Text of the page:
News in Brief
Train folks hope to get back on trackRailroad supporters plan to take another stab at lobbying the Roaring Fork Transportation Authority to allow a tourist and dinner train to operate between Glenwood Springs and Carbondale.Local backers of train service announced in a news release that their three-month effort to find an excursion train operator produced a proposal from Armitage Investment Group, whose investors are from Denver and Boulder. The RFTA board of directors will be alerted about the proposal at its meeting Thursday.”The board is being asked to allow time for complete proposals to be submitted and assure respondents it will give meaningful consideration to the proposals and leasing the rails to a qualified owner/operator,” said the statement from the local rail fans.The dinner train would have three cars that have white linen cloths and fine china. A first-class dinner would be offered on Friday and Saturday nights for an “average” cost of $65 per person.The RFTA board turned down a similar proposal in May because it was too vague and presented too much of a financial risk to the organization. The board also considered tearing up the track between Glenwood and Carbondale but delayed a decision.The local group, called Rails and Trails, made information about the excursion train proposal available at its website at kipwh.com/train.
Woman denies dog bit officerAn Aspen woman accused of keeping a vicious dog said Monday that her dog never bit Aspen police officer Leon Murray when he showed up on Aug. 5 to mediate a dispute between the woman, Claudia Verellen, and another tenant in the building at 605 W. Main St.Verellen said the dog was upset before Murray even came to the door and admitted that when Verellen’s baby sitter opened the door the dog dashed out at the officer.But, she insisted, “He never touched anybody. The dog did not bite.” Verellen, 39, was at work when the incident occurred and said she plans to fight the charge in municipal court.
Judge issues restraining order against DA’s husbandA judge issued a restraining order against Fred Truden, husband of 9th District Attorney Colleen Truden, Monday at the behest of a recall volunteer who alleges Fred Truden accosted her while she was collecting signatures on a petition to recall his wife.An Eagle County judge signed the restraining order, reportedly because 9th Judicial District judges recused themselves because of their involvement with the district attorney’s office.The volunteer, Christina Chapin, is married to James Leuthauser, a former deputy district attorney who worked for Truden’s predecessor, Mac Myers.According to a statement on the application for the restraining order, Chapin, of Glenwood Springs, was collecting signatures on the petition at Silt’s annual Heyday celebration Saturday “when an irate man came up and started screaming at me. He said he was Fred Truden, Colleen’s husband, and demanded to know what I thought I was doing. He was very angry and was screaming that I was a liar and full of lies.”She said after circulating through Silt’s Veterans Park a man came up to sign her petition and Fred Truden again yelled at her and the man.Neither Fred nor Colleen Truden returned phone messages left for them Tuesday.According to the restraining order, Fred Truden must keep a distance of at least 25 yards from Chapin and have no contact with her either directly or through a third party. A hearing on the order is set for 10 a.m. Friday in county court.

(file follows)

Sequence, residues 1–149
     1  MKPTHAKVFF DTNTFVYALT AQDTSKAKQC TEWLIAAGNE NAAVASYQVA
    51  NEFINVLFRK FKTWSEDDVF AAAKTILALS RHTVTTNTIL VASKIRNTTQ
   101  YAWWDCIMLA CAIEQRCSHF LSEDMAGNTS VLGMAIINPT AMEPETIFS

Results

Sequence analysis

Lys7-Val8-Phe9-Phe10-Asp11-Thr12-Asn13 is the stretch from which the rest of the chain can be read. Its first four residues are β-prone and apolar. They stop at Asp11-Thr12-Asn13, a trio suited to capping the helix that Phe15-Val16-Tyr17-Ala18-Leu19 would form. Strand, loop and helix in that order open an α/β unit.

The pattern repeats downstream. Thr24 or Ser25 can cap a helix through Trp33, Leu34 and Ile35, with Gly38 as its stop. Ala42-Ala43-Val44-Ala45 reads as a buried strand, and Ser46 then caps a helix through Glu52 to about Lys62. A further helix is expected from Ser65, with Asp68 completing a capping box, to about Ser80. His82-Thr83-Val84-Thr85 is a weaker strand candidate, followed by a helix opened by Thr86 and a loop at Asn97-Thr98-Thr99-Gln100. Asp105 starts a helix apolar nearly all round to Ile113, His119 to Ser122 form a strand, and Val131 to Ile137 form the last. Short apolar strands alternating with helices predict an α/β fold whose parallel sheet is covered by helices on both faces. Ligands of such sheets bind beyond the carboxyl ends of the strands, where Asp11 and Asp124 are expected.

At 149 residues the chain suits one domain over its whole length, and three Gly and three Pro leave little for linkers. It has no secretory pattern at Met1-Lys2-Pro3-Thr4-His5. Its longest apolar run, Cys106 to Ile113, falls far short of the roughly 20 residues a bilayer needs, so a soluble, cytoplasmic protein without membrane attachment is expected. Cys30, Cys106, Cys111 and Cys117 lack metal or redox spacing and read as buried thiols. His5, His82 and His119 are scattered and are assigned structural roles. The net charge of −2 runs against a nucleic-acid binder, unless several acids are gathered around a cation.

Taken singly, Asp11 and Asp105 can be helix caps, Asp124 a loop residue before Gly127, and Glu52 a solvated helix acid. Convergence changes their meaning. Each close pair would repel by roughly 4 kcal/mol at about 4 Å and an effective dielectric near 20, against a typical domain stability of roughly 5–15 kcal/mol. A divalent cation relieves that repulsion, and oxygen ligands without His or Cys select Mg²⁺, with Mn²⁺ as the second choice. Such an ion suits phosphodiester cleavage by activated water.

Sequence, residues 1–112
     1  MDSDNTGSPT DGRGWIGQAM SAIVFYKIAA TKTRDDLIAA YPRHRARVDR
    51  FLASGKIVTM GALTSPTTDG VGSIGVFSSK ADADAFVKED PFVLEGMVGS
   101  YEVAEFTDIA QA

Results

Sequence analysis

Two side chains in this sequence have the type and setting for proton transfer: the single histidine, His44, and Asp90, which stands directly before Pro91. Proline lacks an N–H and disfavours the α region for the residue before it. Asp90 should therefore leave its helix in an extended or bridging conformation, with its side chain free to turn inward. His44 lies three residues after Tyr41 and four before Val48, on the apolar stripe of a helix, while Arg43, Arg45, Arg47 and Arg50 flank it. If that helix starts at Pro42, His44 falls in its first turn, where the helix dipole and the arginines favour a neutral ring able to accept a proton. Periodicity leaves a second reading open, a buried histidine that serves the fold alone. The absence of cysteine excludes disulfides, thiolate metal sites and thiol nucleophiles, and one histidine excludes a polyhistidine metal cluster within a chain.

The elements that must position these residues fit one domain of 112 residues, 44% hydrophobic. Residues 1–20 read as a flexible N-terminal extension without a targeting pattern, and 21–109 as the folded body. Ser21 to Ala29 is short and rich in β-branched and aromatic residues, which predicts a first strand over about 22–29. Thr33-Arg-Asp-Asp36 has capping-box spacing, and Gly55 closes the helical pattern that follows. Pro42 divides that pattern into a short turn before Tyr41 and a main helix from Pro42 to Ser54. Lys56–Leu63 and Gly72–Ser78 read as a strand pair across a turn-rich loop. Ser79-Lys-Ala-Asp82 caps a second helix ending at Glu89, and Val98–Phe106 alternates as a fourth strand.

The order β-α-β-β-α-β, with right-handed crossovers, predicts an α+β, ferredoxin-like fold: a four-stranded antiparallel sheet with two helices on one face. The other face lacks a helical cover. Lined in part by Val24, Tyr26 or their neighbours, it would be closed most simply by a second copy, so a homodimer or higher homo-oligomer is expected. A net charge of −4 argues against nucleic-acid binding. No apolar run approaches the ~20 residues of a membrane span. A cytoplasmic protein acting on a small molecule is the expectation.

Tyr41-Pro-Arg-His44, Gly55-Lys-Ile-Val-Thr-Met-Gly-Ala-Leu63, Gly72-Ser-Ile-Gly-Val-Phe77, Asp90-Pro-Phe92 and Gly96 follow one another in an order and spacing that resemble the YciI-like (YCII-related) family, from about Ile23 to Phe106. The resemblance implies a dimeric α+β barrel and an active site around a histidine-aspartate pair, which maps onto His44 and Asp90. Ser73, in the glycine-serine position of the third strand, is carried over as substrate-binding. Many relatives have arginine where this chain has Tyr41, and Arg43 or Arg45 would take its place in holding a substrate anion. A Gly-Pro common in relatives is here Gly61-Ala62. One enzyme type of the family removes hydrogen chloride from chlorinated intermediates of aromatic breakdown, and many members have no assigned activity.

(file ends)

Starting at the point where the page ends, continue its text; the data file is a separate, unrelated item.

Start a dialogue, stay on topic and be civil.
If you don't follow the rules, your comment may be deleted.